It is essential
to take into consideration that humans are extremely
adaptable and strong. This means that there is no need for a brand to sugarcoat anything. This is especially true regarding the negative effects that overworking and the lack of mental health awareness has in this space. Good Things Guy CEO, Brent Lindeque
said it beautifully: "We are all in this together — separated in our houses — but all together, and that’s how we get through this … together!"
This is exactly the type of thing PR pros should take into mind when communicating their client's message to consumers. media update's
Talisa Carlson takes a look at three things that PR pros should focus on to make this the best version of 2020 (2.0) when it comes to mental health.Ready to dive in? Let’s do it:
1. PR pros need to talk about mental health
There is still a lot
of stigmas surrounding open conversations about mental health. Certain generations view mental health issues as being a weakness and indirectly encourage a burn-out culture.
On the other hand, there are those who feel that there is not enough communication
about mental health.
Regardless of which side is correct, it is essential to strike a balance with this type of conversation. A brand's message should acknowledge mental health where appropriate, but not overdo it in the process.
So, PR pros, be sure to make this year the best version of 2020 by taking into account how a brand's message can potentially and
effectively communicate the importance of mental health.
"Never suffer alone. This is something I stress all the time to my readers and followers. Talk to people!" says Lindeque.
2. PR pros need to focus on positivity
It is so easy to fall into the deep, dark pit that is negativity and talk about all the bad situations that people find themselves in. We are not saying that you should completely steer clear of any message that could be negative but rather
take another approach.
For example, stick to the facts and then focus on the positive side of things. This can be things like how a consumer can contribute to a brand like Pick ‘n Pay to help people that are being affected by the pandemic.
Looking at the positive side of things might encourage more support from consumers. Maybe even more so from your own employees
"Some researchers posit that psychologically speaking, negative events weigh close to three times more than positive events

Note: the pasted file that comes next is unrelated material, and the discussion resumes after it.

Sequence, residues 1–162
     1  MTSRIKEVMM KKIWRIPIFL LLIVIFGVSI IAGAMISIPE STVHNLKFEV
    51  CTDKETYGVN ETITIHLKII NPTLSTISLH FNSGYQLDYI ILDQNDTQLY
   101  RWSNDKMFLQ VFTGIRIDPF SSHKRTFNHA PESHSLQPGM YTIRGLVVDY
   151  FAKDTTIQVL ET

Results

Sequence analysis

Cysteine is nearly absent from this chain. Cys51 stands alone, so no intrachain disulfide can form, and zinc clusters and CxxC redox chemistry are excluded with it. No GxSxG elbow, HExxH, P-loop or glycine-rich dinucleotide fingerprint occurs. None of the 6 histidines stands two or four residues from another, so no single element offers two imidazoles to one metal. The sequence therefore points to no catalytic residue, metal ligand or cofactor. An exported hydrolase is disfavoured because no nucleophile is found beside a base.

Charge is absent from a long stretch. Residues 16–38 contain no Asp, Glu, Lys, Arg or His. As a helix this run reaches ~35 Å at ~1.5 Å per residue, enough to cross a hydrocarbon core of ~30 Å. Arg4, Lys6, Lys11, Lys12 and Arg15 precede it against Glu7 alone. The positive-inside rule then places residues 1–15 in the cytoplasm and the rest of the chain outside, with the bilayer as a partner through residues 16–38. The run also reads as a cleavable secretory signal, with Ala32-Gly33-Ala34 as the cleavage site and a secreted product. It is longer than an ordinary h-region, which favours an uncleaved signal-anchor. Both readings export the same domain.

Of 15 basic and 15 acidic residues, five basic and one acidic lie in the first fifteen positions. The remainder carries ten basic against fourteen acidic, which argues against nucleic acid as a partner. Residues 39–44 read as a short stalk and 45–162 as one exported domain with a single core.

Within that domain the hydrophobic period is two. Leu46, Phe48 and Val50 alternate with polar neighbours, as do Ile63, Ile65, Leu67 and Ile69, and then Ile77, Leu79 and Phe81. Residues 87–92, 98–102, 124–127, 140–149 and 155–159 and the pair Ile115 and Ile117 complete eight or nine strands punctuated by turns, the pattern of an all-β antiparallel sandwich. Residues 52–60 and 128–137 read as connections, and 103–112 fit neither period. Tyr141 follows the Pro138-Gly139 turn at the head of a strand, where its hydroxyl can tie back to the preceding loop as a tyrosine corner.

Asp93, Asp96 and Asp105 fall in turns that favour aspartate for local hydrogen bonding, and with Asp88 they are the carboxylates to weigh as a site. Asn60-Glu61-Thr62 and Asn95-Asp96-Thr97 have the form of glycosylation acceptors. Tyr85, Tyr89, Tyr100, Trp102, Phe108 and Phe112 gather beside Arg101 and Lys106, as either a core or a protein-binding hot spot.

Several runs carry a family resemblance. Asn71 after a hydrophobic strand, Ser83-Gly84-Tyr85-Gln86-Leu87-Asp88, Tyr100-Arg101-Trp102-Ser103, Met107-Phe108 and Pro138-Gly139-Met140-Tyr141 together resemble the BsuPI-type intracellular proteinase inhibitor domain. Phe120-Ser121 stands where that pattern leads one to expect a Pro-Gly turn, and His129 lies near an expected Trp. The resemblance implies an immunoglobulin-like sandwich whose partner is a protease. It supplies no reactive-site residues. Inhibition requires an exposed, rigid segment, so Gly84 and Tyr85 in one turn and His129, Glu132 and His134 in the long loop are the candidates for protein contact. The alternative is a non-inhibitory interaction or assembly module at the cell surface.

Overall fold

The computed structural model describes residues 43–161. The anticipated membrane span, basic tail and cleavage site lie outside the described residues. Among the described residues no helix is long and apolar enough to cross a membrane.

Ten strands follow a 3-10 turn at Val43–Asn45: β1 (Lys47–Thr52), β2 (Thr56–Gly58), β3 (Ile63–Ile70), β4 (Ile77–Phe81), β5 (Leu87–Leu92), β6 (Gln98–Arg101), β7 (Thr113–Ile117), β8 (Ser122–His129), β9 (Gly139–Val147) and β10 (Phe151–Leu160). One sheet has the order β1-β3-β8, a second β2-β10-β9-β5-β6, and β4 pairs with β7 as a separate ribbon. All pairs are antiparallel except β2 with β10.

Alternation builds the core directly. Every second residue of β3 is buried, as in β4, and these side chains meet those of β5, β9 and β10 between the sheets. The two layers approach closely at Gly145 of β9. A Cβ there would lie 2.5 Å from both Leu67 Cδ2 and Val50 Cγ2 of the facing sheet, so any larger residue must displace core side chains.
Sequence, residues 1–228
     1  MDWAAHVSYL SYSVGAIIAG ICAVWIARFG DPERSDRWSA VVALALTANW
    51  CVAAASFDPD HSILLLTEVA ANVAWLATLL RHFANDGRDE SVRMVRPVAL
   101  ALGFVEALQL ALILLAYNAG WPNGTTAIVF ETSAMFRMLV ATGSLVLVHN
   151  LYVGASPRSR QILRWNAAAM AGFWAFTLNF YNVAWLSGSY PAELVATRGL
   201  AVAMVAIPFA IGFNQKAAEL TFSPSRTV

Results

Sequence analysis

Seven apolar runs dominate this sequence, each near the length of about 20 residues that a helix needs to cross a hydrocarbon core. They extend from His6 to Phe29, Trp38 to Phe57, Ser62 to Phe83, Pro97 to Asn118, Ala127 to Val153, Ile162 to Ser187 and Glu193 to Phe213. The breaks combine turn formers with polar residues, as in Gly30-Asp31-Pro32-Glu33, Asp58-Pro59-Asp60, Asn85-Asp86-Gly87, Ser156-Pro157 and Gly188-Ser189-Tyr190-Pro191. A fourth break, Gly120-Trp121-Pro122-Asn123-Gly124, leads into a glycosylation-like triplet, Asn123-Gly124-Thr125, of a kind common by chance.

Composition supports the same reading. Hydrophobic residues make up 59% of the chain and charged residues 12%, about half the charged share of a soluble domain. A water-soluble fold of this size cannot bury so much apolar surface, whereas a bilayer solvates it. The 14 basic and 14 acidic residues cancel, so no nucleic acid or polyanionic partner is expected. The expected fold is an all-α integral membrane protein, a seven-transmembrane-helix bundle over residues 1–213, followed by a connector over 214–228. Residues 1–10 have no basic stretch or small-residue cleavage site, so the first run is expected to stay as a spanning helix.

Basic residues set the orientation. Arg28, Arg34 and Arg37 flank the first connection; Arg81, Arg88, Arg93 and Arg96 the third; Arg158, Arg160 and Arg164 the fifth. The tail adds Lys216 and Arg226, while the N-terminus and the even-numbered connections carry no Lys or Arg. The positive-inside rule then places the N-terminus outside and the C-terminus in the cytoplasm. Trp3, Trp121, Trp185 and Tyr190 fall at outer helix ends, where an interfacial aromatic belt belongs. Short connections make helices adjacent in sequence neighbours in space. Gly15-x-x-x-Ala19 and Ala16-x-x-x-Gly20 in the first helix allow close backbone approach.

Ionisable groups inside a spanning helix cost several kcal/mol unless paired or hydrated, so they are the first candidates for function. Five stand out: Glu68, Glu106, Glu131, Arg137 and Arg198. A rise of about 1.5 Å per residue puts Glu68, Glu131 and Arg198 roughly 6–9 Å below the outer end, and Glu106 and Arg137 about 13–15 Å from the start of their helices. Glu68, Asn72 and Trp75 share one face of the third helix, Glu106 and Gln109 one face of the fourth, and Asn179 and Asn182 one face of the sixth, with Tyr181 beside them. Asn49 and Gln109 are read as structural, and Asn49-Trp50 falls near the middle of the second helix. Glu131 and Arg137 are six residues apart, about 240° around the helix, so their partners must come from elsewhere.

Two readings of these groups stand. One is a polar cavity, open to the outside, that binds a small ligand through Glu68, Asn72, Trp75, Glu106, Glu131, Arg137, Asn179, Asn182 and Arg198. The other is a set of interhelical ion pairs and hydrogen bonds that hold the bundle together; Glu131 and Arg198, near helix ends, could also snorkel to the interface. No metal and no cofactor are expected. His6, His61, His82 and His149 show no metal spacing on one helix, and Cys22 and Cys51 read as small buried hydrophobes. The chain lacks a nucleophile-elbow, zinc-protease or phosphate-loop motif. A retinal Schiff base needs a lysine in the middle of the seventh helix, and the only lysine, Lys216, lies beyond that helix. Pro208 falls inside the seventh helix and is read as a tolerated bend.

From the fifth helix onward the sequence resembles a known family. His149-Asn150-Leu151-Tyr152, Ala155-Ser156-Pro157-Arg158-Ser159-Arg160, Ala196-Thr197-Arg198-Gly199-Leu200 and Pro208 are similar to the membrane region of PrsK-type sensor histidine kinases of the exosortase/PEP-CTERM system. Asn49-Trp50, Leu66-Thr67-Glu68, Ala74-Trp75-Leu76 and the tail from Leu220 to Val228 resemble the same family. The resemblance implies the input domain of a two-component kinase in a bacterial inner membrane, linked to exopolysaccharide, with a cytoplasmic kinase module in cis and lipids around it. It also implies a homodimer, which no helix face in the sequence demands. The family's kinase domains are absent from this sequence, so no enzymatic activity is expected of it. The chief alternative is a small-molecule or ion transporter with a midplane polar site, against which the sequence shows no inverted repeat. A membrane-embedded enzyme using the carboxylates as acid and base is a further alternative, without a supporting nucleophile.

," according to HuffPost
. With this in mind, if a brand's message contains any negativity, not only will the consumer feel bad but that feeling will stick. This will then make the consumer associate negativity with the brand itself.
So, how can you ensure that positivity sticks with a consumer through press releases or events? Renee Jain, contributor for HuffPost,
gives the following tips:
- Focus on the good stuff, like how brands are making a positive impact.
- Express gratitude for your clients and consumers.
- Remind your audience to take a break from negative news.
3. PR pros should never sugarcoat
It is no secret that today's consumers are more informed than ever
before. This means that if a PR pro sends out a press release trying to sugarcoat a crisis, you can be assured that the audience will see right through it.
With the pandemic and all the changes that it has brought, it is vital for PR professionals' communication to be honest
Being an honest PR pro will benefit you and the agency you work for in the long run. It allows a PR professional to build authentic relationships with clients, the public and the media. It will also allow you to safeguard your client's brand and agency against any potential backlash.
Let's also not forget that consumers know
how to do thorough research; they will no longer accept unauthentic apologies or stand for fake news, misinformation, or disinformation
. And so there is a culture of mistrust when it comes to messages shared by brands — regardless of it is from the marketer or the PR professional
As such, there is a constant state of stress and anxiety because customers need to be on their guard constantly against incorrect information. However, by being honest, transparent and informative, you as the PR pro are allowing the public to rely and trust on what it is you have to say. This takes off all that anxiety on their part.
By nurturing a safe environment that supplies true and reliable communication, a PR pro is only encouraging positive mental health further; they help consumers to let down their guard in trust — benefitting every party along the way.What are some other tips you have for PR pros who want to focus on communicating better mental health messages to the public? Be sure to let us know in the comments section below.
*Image courtesy of Pexels